Hundreds sign petition to save Brighton nursery

More than 1,200 people have signed a petition to save a council-run nursery in Brighton from closure.

Bright Start Nursery, at the Old Slipper Baths, in Barrack Yard, North Road, is listed in Brighton and Hove City Council’s draft budget for closure to save £104,000.

According to the budget report, the nursery building requires “significant” work – and there are 42 other nurseries within two miles.

Bright Start has places for 50 children from three months to four years old and employs 15 staff.

The petition, Save Bright Start – Brighton’s City-Centre Council-Run Nursery, on the website, said that it was one of “very few” nurseries locally to provide year-round care for babies and young children from 8am to 6pm daily.

A father of two, Guy Coulson, said that parents at the nursery had started a campaign to raise awareness alongside the petition to try to persuade councillors to change their minds.

Parents are concerned about the effects of another change for their children after many of them had a disrupted start to their lives during the coronavirus pandemic.

Mr Coulson’s sons Joe, three, and Zach, one, attend the nursery, which he described as their first community, adding that it would be “broken up” if Bright Start were to close.

He said: “It has been brought to my attention that the council runs two nurseries in Queen’s Park – two prestigious nursery schools, the apex of early years facilities – Tarnerland and Royal Spa.

“It seems grossly unfair that that part of the city has such generous coverage and the North Laine is to be left with nothing.

“Our children have been through a challenging enough start in life thanks to covid.

“I do appreciate the perilous position the council is in but communities are worth fighting for – and where there’s a will, there’s a way.

“The Greens do not seem to have the will to fight for our children, our community. Where is the engagement? Do the Greens care more for the planet than the humans inhabiting it?”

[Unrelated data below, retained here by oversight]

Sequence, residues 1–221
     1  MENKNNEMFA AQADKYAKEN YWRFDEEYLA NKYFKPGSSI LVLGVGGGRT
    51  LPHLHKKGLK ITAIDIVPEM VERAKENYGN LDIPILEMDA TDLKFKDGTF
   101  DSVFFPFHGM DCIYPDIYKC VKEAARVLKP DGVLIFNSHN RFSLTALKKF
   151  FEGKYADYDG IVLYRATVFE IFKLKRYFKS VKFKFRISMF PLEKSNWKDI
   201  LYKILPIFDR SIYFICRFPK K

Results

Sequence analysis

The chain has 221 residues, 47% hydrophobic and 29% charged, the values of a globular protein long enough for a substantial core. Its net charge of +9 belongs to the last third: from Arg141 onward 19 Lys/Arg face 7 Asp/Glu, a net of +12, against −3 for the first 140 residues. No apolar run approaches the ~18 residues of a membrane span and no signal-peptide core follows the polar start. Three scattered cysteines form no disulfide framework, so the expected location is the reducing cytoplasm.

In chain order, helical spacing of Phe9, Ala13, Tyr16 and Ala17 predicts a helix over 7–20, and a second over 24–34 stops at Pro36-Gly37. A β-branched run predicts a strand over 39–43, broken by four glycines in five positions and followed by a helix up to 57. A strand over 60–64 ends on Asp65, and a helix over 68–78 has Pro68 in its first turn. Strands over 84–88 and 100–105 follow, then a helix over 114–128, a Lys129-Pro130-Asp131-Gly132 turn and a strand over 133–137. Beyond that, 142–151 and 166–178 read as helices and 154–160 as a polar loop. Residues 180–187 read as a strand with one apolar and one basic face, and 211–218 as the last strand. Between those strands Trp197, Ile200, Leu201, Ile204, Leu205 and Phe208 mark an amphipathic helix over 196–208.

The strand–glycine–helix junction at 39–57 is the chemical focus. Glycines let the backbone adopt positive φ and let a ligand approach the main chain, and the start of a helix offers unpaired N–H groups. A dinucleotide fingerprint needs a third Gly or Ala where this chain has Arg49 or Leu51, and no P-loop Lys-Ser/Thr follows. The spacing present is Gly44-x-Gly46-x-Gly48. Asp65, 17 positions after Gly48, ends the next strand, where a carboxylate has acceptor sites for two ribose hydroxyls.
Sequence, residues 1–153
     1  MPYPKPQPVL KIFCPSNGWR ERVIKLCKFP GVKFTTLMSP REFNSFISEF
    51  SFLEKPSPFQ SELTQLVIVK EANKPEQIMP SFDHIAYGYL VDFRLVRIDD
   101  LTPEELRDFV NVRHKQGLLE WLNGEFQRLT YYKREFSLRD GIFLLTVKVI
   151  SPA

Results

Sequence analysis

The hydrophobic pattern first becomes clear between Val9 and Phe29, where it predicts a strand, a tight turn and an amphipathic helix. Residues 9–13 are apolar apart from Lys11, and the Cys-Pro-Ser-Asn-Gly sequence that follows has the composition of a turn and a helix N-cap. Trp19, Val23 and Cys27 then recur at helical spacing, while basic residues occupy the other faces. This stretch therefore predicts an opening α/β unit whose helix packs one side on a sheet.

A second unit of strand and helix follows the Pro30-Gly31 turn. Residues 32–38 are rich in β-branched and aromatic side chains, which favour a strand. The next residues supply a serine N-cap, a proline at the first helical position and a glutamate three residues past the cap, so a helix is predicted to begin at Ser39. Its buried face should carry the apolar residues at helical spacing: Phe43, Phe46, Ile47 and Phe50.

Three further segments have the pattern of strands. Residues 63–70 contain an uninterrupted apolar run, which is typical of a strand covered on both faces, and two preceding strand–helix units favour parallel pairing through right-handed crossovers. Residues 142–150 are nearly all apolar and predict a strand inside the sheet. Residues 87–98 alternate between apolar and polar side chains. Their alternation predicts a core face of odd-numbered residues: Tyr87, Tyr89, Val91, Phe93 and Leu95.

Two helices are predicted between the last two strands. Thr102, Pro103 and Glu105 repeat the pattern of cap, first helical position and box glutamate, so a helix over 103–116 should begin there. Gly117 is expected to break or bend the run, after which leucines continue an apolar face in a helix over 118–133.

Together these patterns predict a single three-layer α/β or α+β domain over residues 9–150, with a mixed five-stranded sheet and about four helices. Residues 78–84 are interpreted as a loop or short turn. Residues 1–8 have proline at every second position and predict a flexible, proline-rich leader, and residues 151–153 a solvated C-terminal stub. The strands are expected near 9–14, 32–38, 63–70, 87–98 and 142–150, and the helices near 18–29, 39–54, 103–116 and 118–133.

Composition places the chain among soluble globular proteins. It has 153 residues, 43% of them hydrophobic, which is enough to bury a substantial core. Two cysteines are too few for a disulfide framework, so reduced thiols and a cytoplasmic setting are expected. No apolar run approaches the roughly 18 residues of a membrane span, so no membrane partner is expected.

An “equalities impact assessment” went before members of the council’s Policy and Resources Committee last Thursday (1 December) along with the draft budget.

The assessment said that 17 per cent of the children qualified for the “early years pupil premium”, a quarter of the families were on low incomes and 38 per cent had special educational needs and disabilities.

The petition said: “The staff at Bright Start also have specialist knowledge and training in dealing with a range of children with complex medical, disability and special educational needs.

“At a time when many of the other services for children with additional needs are being squeezed, closing down the nursery will mean depriving them of one of the few remaining sources of support available to them.”

A co-opted member of the Policy and Resources Committee, Anusree Biswas Sasidharan, said that many people had contacted her about the threat to Bright Start Nursery.

She said: “It is really concerning because it has such a high number of children who are SEND (special educational needs and disabilities).

“It is concerning that a lot of parents find it very difficult to find a place for their children – and there are concerns, if this is no longer a provision available, that they will struggle to find suitable places.”

At the same meeting, Green councillor Hannah Allbrooke, the deputy leader of the council, said that she did not stand for election to make the “awful decisions” that the council faced next year.

She said: “My vision is rather than closing nurseries, we keep them open and we keep them flourishing.”

The petition is on the website.

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